Some Are Not So Tasty.

Yesterday I told you how the Milky Way was ingesting smaller galaxies and star clusters.  Today, we are going to look at those that were let go.

It is very difficult to kick a star out of the galaxy.  In fact, you need to be moving over two-million-miles-per-hour to leave the Milky Way.  Even with that astronomers have found 16 of these rouge stars trying to leave the galaxy on their journey to leave the Milky Way.  Astronomers believe that these stars could only gain this speed by a close encounter with the super massive black hole at the galaxy’s core.

The image above is a photograph of the super massive black hole, Sgr A* in the Milky Way.  Astronomers estimate that the Milky Way’s central black hole has a mass of four million solar masses and calculate that the gravitational field surrounding the black hole is strong enough to accelerate stars to hypervelocities.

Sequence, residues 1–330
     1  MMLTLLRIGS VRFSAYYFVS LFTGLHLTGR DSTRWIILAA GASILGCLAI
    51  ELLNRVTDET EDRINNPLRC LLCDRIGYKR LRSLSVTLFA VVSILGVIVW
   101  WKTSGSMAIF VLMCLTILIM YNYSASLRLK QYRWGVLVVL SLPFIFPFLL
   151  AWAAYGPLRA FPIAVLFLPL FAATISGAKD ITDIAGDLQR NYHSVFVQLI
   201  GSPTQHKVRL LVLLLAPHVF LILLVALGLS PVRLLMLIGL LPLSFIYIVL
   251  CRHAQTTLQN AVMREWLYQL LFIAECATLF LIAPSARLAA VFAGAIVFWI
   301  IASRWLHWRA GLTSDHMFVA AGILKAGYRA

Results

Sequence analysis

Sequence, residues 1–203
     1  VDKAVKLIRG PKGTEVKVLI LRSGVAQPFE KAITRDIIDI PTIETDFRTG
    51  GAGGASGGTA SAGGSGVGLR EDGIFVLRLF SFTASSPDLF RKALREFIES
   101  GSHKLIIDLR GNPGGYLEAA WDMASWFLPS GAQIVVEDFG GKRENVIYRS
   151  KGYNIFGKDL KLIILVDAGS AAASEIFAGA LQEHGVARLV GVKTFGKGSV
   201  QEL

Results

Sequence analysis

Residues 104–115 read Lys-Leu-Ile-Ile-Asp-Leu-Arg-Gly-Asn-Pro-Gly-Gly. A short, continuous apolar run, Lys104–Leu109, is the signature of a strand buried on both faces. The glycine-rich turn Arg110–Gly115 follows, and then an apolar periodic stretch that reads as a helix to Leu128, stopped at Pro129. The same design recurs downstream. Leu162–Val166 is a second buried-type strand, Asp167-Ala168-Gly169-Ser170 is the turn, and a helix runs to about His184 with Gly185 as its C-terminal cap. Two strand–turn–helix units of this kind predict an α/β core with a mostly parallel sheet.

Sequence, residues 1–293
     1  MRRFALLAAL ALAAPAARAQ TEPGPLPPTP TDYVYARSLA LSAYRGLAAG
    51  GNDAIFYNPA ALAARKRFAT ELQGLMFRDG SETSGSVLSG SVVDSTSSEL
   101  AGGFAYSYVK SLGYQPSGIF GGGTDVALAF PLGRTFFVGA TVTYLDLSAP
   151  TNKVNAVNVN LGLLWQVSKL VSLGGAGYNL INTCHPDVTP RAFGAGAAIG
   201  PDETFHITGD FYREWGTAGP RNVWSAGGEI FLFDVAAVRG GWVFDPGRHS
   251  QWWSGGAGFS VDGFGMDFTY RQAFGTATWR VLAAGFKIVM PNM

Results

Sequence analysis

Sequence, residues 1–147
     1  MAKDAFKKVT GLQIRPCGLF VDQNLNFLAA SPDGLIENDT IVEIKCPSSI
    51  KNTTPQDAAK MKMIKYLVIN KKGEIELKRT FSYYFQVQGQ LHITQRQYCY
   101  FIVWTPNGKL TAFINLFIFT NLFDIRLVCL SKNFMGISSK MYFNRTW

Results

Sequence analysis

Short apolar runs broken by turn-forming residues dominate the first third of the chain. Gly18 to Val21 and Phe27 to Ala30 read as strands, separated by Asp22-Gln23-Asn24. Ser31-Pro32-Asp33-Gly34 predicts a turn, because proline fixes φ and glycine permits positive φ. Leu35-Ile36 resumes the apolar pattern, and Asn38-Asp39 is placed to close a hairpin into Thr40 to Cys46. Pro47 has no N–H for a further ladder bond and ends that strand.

Scientist believe that either a binary pair of stars gets caught in the black hole’s grip and as one of the stars spirals towards the black hole, the other is flung outward.  Another theory is that when the central black hole is in the process of ingesting a smaller black hole, the star comes too close to the pair gets a hypervelocity kick.

And you thought black holes ate everything.

How I Can Help

If you, or someone you know, has made a new discovery and need help to protect your idea, please contact me for a free 30 minute consultation at nvantreeck@usip.com or call TOLL FREE at 1-855-UR IDEAS (1-855-874-3327) and ask for Norman.

– Ex astris, scientia –

I am and avid amateur astronomer and intellectual property attorney.  As a former Chief Petty Officer in the U.S. Navy, I am a proud member of the Armed Service Committee of the Los Angeles County Bar Association working to aid all active duty and veterans in our communities.  Connect with me on Google +

Norman

 

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